The experience made me less than excited to try the burgers.

Memorial Day weekend is made for burgers. Even in experiencing our own isolated lazy weekend we could smell grilled meat wafting by from neighborhood cookouts. A look in our own freezer revealed one frozen Angus patty and those two Beyond Meat burgers.

My husband grilled them. He manages all of the cooking on our propane grill since I fight for women’s equality while simultaneously fearing death by backyard grill explosion. I stayed inside and peeled potatoes, doing an admirable job of timing batches of fries in the Fry Daddy to be ready when the burgers were done.

Tim brought in the Angus patty first. We’d decided that my un-foodventurous daughter should have the “normal” burger just in case.

“I think you’d better come look at these,” he said.
“Is it going that well?”
“Are they done? They’re sort of gelatinous.”
“Maybe they’re taking longer because they were frozen.”

The Beyond Meat burger patty was at odds with our propane grill.
The grilling experience was nothing like preparing a slab of Angus.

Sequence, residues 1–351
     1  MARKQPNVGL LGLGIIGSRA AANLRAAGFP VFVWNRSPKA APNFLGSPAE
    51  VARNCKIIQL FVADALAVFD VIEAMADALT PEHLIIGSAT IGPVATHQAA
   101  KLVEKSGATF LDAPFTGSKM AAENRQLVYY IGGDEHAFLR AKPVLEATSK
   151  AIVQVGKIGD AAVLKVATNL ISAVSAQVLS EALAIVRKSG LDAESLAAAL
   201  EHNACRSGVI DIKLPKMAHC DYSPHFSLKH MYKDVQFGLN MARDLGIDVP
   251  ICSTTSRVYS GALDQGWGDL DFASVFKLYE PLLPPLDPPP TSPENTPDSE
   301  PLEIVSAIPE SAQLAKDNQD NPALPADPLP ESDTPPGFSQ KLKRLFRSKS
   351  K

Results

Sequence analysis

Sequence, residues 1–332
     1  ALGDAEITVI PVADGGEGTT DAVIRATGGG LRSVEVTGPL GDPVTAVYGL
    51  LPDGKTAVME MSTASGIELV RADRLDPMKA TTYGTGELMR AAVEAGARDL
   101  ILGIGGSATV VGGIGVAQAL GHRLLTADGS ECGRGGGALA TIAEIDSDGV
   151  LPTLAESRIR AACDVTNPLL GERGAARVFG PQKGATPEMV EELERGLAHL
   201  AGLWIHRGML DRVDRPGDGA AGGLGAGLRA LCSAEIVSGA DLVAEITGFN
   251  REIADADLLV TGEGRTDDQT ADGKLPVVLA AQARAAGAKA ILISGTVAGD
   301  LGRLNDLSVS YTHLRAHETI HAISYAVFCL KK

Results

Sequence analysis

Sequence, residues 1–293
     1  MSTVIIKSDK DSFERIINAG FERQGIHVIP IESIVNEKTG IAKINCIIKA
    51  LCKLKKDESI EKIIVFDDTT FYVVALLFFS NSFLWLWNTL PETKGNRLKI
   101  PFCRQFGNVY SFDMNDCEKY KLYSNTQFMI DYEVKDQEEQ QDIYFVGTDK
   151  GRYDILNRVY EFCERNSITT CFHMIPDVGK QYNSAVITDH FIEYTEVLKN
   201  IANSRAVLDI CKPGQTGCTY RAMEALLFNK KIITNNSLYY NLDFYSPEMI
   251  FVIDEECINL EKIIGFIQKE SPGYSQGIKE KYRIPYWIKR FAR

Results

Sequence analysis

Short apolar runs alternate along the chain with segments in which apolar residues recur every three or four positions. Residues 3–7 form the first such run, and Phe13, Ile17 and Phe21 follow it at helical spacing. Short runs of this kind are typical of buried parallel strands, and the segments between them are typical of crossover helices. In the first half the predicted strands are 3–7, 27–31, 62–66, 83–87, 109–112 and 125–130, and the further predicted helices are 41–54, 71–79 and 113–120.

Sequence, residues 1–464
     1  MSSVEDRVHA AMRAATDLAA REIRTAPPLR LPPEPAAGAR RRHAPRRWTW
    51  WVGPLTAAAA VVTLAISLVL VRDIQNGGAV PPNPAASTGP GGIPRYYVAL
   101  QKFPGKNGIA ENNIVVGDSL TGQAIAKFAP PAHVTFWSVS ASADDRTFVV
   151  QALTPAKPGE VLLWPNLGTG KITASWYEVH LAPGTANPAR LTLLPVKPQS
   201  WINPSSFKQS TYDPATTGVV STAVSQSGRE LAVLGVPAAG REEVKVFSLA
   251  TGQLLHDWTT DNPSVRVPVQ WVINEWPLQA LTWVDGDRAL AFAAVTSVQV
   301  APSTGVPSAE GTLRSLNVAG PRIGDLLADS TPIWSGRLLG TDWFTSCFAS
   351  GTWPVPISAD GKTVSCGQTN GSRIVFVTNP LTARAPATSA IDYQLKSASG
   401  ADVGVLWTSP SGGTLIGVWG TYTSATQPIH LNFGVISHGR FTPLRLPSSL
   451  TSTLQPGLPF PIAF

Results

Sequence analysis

We decided they had to be done. They looked on the verge of burning into hockey pucks. Are they even flammable? It was then that the smell hit us. Burning rubber with a note of industrial chemical, not the delightful odor our neighbor’s cookout was producing.

Here the patties demonstrate how they don't retain enough heat to
melt the cheese.
“Well,” I said. “That smell has done in my appetite. If we can’t eat it I don’t think I’ll need anything else for dinner.”
“Try yours first and let me know if it’s edible,” my husband said.

My hero.

The first bite wasn’t bad at all. It felt like ground meat in my mouth and what does beef even taste like? Nothing really. I forged ahead. Tim bit into his burger.

“Not inedible,” he proclaimed.